With that in mind, there's nothing more intimidating for writers than a blank page. Any self-loathing writer worth a buck knows it can only get worse from there. It's a vicious cycle.

    Pedal on, young Hemingway.

    It may appear ironic that a journalist who regularly fills inches and inches of newsprint is threatened by the notion of jotting down a few thoughts for a daily web log. The problem, of course, is I get paid to put the onus on other people to be interesting. As a journalist, I'm not accustomed to people being very interested in my opinion.

    I think what happens to many journalists is they spend their days listening to unqualified people wax on about things they don't really understand. Not that journalists have a much better grasp on the situation, but they probably know other people who know a lot more about any given issue, there's just no credible reason to quote said people in the story of topic. Over a short amount of time, this practice can literally suck the brains out of a reporter, because reporters become used to spending an unwarranted amount of time on material that matters to so little. We know no one cares, so we stop caring, in some sense.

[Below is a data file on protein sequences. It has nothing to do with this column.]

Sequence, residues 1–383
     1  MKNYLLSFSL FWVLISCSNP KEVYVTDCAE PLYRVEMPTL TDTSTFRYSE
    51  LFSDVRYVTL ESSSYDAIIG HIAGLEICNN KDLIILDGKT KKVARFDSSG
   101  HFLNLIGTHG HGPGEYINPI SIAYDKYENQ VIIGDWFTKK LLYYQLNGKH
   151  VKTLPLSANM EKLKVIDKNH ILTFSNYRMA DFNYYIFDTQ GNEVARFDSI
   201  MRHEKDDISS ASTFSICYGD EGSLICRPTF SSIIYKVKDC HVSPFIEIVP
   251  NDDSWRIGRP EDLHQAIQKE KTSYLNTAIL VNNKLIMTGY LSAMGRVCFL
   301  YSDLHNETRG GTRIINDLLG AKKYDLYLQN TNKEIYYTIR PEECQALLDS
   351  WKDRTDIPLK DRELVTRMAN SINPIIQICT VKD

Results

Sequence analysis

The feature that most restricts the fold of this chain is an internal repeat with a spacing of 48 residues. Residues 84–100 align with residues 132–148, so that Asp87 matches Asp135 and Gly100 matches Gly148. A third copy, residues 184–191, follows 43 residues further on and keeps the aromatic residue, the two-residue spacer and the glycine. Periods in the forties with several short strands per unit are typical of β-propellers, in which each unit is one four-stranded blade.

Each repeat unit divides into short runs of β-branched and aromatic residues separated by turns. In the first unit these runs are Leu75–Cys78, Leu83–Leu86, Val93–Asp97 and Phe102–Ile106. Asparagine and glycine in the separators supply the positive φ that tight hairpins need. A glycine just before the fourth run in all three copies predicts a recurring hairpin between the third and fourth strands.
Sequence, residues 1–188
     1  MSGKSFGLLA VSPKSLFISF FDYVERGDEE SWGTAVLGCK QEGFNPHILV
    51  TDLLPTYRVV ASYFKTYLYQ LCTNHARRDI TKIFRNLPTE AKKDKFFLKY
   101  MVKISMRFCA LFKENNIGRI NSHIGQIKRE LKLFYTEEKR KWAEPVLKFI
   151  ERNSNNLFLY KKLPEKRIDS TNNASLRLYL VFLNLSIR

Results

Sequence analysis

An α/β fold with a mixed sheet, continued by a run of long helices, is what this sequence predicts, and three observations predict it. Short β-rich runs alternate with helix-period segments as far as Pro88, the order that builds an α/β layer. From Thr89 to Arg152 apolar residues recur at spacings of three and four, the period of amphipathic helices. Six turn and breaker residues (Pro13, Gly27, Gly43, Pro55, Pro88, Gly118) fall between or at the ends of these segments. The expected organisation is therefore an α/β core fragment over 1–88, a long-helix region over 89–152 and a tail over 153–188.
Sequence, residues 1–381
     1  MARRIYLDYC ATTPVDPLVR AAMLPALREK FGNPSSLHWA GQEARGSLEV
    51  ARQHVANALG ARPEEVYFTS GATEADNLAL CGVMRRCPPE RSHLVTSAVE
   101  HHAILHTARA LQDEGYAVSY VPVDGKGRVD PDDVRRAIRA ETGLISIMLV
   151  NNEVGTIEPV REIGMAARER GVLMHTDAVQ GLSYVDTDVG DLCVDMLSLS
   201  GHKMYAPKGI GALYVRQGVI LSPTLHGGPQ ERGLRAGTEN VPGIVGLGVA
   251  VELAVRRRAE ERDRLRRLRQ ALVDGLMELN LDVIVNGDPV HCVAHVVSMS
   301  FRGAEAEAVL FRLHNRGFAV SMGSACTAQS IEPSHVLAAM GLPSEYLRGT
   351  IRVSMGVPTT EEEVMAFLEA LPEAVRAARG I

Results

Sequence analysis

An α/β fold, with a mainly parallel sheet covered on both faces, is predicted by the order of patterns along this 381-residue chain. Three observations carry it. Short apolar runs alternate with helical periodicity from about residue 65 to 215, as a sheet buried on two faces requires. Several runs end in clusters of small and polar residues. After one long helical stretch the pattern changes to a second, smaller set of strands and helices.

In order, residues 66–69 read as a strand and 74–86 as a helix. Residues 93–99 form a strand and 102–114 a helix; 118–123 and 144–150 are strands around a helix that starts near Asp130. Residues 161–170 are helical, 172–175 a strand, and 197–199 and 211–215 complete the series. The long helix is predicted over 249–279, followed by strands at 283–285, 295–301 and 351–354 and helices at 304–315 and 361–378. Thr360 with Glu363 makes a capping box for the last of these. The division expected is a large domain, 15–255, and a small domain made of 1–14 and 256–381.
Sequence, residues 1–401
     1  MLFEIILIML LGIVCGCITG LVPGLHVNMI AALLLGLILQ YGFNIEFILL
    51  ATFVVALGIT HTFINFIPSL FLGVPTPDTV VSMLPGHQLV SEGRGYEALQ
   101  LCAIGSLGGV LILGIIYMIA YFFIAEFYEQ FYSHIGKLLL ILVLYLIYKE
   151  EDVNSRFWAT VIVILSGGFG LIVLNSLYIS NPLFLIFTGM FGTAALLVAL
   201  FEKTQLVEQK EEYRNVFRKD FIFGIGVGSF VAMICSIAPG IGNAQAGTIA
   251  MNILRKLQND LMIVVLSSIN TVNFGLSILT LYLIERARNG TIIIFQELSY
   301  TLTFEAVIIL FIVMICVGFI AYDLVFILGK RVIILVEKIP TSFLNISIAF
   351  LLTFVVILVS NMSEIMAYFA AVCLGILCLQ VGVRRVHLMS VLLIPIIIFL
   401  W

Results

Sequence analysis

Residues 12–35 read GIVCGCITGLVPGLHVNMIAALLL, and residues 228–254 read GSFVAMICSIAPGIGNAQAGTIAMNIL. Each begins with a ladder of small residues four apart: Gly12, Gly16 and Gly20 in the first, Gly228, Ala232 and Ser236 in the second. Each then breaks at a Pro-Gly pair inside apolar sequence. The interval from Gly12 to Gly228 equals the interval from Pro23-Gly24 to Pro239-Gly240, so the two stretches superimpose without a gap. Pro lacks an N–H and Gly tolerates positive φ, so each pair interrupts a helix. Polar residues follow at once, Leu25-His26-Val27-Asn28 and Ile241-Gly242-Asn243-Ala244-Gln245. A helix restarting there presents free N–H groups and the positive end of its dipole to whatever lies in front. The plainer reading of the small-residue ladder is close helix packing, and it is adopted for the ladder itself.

This is not to say I don't value my job, it's just that I know the formula too well. For stories that do not inspire my passion, which is to say nearly all of them, I know how to get them done in a way that is factual but not time-consuming. Did I do any digging? Did I do much research? Did I prepare to ask pointed questions? Did I look hard to find a better source? Probably not. To that end, my stories are factual only in the sense they do not intentionally misrepresent the truth as it is told to me. To say the facts I collect and report represent the whole truth of an issue stretches credibility, however.

    I do not consider myself lazy, but neither am I one of those self-motivating whirlwinds of journalism. Neither am I so full of myself to think anyone will be rushing to my blog to see what new entertaining nugget of pontification I've posted next. I'm just not wired that way. Maybe it's a lack of self-importance that does not allow me to probe beyond the call of duty, or believe so profoundly in my ideals that my point of view is understated on the Internet.

    Whatever the case, I struggle to find inspiration to fill the pages in a self-satisfying method, both in content and in context. I am guaranteed to be disappointed with my own work.

    So I pose the question: Why bother?